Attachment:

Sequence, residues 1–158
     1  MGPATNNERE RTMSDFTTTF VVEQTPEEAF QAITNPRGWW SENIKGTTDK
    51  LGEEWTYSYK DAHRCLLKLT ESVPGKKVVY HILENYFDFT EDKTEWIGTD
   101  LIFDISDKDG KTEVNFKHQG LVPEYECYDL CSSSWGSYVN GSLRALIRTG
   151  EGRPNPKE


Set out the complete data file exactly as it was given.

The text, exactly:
Sequence, residues 1–158
     1  MGPATNNERE RTMSDFTTTF VVEQTPEEAF QAITNPRGWW SENIKGTTDK
    51  LGEEWTYSYK DAHRCLLKLT ESVPGKKVVY HILENYFDFT EDKTEWIGTD
   101  LIFDISDKDG KTEVNFKHQG LVPEYECYDL CSSSWGSYVN GSLRALIRTG
   151  EGRPNPKE